You are viewing this article in the archives. For the latest breaking news and updates in Ann Arbor and the surrounding area, see
Posted on Thu, Feb 16, 2012 : 5:58 a.m.

Fire destroyed landmark Ypsilanti church 75 years ago this week

By James Mann


Only the walls of Ypsilanti’s First Baptist Church were left standing after a 1937 fire destroyed the landmark at the corner of West Cross and North Washington streets.

The tall spire of Ypsilanti’s First Baptist Church, on the southeast corner of West Cross and North Washington streets, where Janowiak Funeral Home is now, was a local landmark from 1884 to 1937.

The church was dedicated on September 4, 1884. The building was cruciform in shape, and was 91 feet long and 67 feet wide and had a 97 foot tall spire. At the front of the building was the chapel with folding and sliding doors opening into the audience room.

“The floor of the audience room is arranged and seated in amphitheater form, with five large aisles leading down to the front. There will be three large memorial windows in the house. The portions of plan which enable an advantageous use of attractive wood furnishings are the breast work of the orchestra and organ loft behind the pulpit platform, and the spandrels. Of the latter, there are dividing the ceiling into four panels,” reported The Ypsilanti Commercial of November 17, 1883.

“They are simple in effect,” continued the report, “but quite elaborate in the details of the woodwork. For these and the orchestra work, the foundation is black ash, with cherry and red cedar. The grain of the pieces selected for this purpose is wonderful, making marked display. Some of the cherry, after being oiled, bears a close resemblance to mahogany, while the dark red cedar center pieces look like tulip wood. The natural grain of the ash and cherry and the artistic design and finish are worth going a good way to see.”


The First Baptist Church stood as a local landmark on the southeast corner of West Cross and North Washington streets in Ypsilanti until it was destroyed by a fire in 1937.

The last time anyone saw the beautiful interior of the church, was Thursday, February 18, 1937. That evening residents in nearby homes smelled smoke, but were unable to find the source. Firefighters from the Cross Street Firehouse, directly across the street from the church, searched the area for the source of the smell, but could not trace it to its origin.

The firefighters returned to the firehouse, and turned in for the night. They were awakened at 4:15 a.m. by the sound of a car horn from a passing driver.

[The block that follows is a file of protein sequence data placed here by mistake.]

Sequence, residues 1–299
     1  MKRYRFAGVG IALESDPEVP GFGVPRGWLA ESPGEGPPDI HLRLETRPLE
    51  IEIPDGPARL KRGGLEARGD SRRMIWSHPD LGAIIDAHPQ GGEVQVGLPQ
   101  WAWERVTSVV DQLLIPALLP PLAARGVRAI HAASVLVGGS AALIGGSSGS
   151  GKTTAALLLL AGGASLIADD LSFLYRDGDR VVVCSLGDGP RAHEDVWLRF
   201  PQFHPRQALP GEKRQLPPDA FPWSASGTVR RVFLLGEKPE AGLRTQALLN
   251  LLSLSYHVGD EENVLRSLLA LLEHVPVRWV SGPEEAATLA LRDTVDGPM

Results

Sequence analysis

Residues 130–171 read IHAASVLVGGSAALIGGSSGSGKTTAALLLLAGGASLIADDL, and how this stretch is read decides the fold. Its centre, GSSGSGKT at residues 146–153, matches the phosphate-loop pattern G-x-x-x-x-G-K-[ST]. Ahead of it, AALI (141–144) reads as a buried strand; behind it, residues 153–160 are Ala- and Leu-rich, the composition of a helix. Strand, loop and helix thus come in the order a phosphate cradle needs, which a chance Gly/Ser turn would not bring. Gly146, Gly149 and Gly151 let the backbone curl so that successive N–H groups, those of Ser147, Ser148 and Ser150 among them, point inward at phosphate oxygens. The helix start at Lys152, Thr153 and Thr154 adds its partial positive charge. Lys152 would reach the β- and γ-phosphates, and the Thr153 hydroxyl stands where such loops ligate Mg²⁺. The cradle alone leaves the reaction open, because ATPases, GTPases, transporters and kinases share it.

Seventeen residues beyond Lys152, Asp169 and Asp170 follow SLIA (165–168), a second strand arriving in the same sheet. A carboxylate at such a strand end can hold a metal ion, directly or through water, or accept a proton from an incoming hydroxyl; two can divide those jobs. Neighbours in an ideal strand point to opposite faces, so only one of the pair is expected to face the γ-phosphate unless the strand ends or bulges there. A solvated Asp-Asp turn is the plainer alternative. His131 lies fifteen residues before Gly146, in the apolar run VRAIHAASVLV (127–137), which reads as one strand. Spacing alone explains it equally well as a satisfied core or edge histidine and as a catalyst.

“When firemen arrived, after discovering the blaze, smoke was issuing from the windows and the rear of the building above the furnace room was blazing furiously. Flames soon burst through the roof and the inside of the building became a roaring furnace,” reported The Ypsilanti Daily Press of Friday, February 19, 1937.

“The men broke through windows on the south side and played streams of water into the flaming mass, but were handicapped by a wall of smoke,” noted the account.

“Six lines or 23 lengths of hose, were used by the firemen and all members of the force were called,” continued the account. “Five police officers assisted. The blaze was brought under control at about 6 o’clock, after a two hour battle, in which houses nearby were showered with sparks.”

In the end only the walls of the church and the steeple were left standing. The cause of the fire was never determined.

The congregation of the Baptist Church accepted the offer of the Presbyterian Church to meet in their building until a new structure could be completed.

The Baptist Church chose to move to a new location at 1110 W. Cross St. Some 83,000 bricks were reclaimed from the old church, cleaned by the women of the community and used in the construction of the new church. The new church was dedicated on October 9, 1938.

James Mann is a local historian, storyteller and author. His books include “Ypsilanti: A History in Pictures,” City of Ypsilanti Fire Department 100 Years,” and “Our Heritage: Down by the Depot in Ypsilanti,” written with Tom Dodd. His most recent book, “Wicked Ann Arbor,” was published by The History Press.



Fri, Feb 17, 2012 : 5:54 p.m.

From the description I thought I was in Westminster Abbey. Wow sounds like fire was spectacular. So it sounds like the furnace room was the cause? Thanks for interesting trivia.

Steve McKeen

Thu, Feb 16, 2012 : 3:46 p.m.

If I'm not mistaken, this tragedy happened because Ypsilanti did not have an income tax. Vote YES on May 8th to SAVE YPSILANTI with higher taxes.


Thu, Feb 16, 2012 : 3:08 p.m.

Thanks for the story. I always enjoying reading historical articles about the town I was born, raised and still live in. Thank you Mr.Mann


Thu, Feb 16, 2012 : 2:16 p.m.

what difference does this make today.who cares?